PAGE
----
Morgan, who displayed his love and commitment to local sports and the community for more than 50 years, died at home Wednesday, Jan 5. He was 75.
“It’s a sad day for our community,” Effingham County school district Superintendent Yancy Ford said. “He was a fixture in local sports from his days at Central Junior High School, Effingham Middle School and Effingham County High School, all the way to his work with the recreation department.”
In this rural community, Morgan’s impact on Ford was typical. Morgan was Ford’s middle school football coach. Morgan coached Ford’s wife Deidre in softball. Ford’s son Matthew played on the recreation department’s state championship football team.
For Morgan, working around sports was a labor of love that started in his teenage years and grew to include his namesake — the multi-million dollar, 120-acre Clarence E. Morgan Central Recreation Complex.
His involvement with youth sports began at 17 playing with the Shawnee Baptist softball team. Two years later, he helped start a church basketball league.
Morgan was just 21 years old when he helped run the Effingham County Youth Athletic Association, which offered organized sports to county children.
Credit: DONALD HEATH/FOR EFFINGHAM NOW
At 24, he started coaching basketball and football at Central and eventually moved up to athletic director.
He moved up to Effingham County High School and coached baseball, but remained at the hub of community sports — working with ECYAA until the Effingham County Recreation Department started in 1975.
In 1980, Morgan began working part-time as the recreation department’s director. And the man known as “Big C” made a big impression on his employees.
“He was a great guy to work for. He was all about Effingham County and helping people,” said Jeffrey Lonon, who has worked with Morgan at the recreation department for 21 years.
They spent time traveling in Georgia, looking at parks and gyms for new ideas to better Effingham’s facilities. During their travels, they talked about everything under the sun. Turns out Morgan picked cotton and peas on a farm with Lonon’s wife Vanessa.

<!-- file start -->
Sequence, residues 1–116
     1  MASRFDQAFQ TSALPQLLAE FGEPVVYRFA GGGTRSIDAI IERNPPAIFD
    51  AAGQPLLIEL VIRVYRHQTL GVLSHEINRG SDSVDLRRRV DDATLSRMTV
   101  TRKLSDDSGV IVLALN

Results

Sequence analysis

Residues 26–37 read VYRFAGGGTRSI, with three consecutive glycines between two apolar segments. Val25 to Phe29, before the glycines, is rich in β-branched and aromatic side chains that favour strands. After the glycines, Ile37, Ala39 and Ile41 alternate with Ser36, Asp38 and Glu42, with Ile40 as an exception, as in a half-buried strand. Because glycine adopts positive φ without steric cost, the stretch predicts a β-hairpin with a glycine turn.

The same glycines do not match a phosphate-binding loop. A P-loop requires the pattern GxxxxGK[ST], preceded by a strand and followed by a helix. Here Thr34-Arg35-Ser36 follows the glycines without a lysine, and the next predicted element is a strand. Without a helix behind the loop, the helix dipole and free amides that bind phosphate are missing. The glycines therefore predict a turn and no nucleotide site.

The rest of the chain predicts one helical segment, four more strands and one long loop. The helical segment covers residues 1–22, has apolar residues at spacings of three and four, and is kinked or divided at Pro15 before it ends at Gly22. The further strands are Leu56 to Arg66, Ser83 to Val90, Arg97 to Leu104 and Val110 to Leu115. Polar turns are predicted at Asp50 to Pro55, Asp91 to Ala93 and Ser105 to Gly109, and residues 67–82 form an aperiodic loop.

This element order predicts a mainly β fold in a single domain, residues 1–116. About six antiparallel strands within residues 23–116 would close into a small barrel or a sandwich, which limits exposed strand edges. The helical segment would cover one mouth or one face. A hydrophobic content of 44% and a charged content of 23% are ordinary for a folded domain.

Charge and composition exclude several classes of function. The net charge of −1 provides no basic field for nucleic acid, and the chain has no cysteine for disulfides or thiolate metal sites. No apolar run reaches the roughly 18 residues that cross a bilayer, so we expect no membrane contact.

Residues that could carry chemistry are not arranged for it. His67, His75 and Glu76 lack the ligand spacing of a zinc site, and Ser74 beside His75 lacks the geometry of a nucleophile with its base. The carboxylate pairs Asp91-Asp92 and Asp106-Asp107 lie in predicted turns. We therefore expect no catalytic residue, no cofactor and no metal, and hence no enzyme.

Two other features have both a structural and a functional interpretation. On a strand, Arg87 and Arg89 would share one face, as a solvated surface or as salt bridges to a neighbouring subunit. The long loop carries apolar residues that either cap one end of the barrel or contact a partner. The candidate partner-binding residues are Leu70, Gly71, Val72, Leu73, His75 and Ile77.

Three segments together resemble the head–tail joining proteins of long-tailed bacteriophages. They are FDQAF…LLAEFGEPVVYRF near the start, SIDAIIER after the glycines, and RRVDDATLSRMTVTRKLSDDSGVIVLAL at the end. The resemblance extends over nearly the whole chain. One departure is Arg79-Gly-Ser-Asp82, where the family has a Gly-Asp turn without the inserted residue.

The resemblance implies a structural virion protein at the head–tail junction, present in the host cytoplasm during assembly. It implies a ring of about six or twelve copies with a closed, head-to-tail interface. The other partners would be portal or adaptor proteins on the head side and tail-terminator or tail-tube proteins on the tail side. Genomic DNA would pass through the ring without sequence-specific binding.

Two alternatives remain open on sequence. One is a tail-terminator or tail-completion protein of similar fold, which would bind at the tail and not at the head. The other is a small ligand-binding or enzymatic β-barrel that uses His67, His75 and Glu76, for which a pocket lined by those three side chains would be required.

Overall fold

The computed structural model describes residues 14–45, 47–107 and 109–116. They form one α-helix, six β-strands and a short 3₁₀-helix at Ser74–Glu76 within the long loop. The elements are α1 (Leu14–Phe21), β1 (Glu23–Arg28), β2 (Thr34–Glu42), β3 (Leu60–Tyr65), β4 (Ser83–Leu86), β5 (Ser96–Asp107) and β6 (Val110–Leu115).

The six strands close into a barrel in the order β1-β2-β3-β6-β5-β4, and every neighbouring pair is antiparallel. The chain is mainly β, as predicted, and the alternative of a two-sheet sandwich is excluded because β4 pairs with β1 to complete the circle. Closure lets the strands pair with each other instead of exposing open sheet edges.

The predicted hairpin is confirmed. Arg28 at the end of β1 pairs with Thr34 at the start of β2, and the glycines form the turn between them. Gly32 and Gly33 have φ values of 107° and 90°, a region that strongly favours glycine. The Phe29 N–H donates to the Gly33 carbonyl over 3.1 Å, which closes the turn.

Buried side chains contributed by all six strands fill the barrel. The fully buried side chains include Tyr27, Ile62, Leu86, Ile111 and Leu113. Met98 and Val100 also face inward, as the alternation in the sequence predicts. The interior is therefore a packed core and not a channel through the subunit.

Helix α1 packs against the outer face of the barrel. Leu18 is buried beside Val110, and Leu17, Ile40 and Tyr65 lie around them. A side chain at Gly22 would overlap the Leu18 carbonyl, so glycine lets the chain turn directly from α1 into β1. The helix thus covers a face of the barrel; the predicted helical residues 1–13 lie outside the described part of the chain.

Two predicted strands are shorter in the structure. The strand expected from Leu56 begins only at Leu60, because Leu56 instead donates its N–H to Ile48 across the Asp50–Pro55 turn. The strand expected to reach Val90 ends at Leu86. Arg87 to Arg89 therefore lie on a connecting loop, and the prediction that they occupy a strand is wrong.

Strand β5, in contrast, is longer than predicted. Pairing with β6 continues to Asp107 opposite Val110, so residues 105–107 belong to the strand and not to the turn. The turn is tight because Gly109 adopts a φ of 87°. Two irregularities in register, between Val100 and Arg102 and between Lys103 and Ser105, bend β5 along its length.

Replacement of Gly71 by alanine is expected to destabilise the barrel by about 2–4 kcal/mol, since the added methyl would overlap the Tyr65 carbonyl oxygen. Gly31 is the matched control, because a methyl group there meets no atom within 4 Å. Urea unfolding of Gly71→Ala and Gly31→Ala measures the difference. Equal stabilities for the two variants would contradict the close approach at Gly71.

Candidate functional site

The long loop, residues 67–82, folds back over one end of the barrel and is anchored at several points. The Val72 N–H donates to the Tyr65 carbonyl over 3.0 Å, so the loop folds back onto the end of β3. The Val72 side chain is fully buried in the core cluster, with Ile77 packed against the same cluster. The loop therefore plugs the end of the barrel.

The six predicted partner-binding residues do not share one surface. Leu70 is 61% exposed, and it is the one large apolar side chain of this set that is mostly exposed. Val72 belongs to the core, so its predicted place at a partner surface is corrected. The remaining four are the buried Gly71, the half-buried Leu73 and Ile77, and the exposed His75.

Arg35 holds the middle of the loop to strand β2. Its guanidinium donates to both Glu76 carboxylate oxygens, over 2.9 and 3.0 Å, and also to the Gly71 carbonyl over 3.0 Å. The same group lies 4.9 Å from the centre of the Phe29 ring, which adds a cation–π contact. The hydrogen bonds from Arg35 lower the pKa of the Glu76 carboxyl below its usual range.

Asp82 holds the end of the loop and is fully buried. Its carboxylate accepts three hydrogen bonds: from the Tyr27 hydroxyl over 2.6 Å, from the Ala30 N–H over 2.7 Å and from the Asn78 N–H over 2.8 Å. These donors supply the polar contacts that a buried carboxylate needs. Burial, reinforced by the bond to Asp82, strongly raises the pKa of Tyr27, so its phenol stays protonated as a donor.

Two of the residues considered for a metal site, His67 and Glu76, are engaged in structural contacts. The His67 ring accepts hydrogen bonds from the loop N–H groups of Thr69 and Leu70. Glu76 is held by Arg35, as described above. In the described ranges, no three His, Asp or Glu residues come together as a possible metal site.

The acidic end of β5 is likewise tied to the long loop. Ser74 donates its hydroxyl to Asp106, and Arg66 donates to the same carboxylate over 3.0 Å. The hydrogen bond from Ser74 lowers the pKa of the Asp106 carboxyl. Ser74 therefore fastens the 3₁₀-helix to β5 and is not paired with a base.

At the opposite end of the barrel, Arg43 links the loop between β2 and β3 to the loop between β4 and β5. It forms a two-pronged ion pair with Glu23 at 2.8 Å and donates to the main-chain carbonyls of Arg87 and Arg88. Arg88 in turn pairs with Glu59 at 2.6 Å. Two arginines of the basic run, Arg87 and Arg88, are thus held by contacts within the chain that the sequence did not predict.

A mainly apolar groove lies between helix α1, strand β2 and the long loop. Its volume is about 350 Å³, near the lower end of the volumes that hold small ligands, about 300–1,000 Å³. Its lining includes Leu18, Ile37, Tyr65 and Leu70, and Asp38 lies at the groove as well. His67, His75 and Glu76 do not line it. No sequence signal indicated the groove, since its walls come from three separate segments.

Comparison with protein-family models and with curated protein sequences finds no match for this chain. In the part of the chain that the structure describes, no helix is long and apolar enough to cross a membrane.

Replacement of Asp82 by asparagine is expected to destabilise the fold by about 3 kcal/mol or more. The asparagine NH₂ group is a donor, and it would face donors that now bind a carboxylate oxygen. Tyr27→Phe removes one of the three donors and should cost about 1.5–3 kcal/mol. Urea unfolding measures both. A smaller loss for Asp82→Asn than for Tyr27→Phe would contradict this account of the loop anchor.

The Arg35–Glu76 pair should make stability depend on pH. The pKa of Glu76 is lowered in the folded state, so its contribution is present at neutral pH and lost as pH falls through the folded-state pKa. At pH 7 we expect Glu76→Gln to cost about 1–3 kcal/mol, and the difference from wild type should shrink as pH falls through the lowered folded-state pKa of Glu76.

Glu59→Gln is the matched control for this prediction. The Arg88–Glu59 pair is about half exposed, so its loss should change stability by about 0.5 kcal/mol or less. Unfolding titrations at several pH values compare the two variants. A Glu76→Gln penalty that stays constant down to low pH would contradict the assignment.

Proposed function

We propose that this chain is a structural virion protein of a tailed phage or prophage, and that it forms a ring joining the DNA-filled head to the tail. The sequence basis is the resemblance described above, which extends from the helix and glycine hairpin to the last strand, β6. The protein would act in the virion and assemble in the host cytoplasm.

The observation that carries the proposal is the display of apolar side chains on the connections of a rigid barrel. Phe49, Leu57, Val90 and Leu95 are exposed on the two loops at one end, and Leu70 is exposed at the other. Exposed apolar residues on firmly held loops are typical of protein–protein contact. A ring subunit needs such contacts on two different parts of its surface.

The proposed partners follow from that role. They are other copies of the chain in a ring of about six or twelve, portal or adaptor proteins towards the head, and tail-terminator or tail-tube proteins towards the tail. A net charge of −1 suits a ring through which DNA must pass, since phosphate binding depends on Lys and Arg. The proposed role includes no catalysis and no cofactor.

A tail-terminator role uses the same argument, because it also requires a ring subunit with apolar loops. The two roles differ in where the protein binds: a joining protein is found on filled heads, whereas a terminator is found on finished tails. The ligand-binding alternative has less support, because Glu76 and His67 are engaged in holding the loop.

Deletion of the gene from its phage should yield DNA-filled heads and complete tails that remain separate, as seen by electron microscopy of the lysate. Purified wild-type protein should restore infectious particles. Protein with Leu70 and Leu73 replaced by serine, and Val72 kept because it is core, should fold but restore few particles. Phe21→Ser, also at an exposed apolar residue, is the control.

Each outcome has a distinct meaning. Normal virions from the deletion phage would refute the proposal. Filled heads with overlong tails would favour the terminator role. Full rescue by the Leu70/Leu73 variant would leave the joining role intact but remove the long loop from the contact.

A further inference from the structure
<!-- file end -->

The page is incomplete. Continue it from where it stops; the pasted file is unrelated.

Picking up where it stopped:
Lonon said Morgan’s compassion shined brightest in people’s time of need. Morgan and his staff held a kickball tournament to raise money for a longtime recreation umpire who had cancer. Another time, they sold chicken dinners for a part-time worker recovering from a car accident.
Credit: Effingham County Board of Commissioners
And when Lonon’s father died, Morgan made it clear he was available if anything was needed.
“People see the rec stuff, but Clarence was more than just that,” Lonon said. “He was concerned about people. He wanted to be a true servant of the people. It was people first, him second.”
In the small gym on that June night in 2019, Morgan shook hands and presented plaques. He was the first to arrive and last to eat.
And he stood on the gym’s wooden stage and shared heart-felt words to the inductees.
“Thank you for being part of somebody’s life,” he said.
Visitation will be held from 1 p.m. to 2:45 p.m. Saturday, Jan. 8, at the Clarence E. Morgan Gym at the Clarence E. Morgan Central Recreation Complex, followed by a funeral service at 3 p.m.
This article originally appeared on Savannah Morning News: Clarence Morgan leaves a legacy of compassion in Effingham County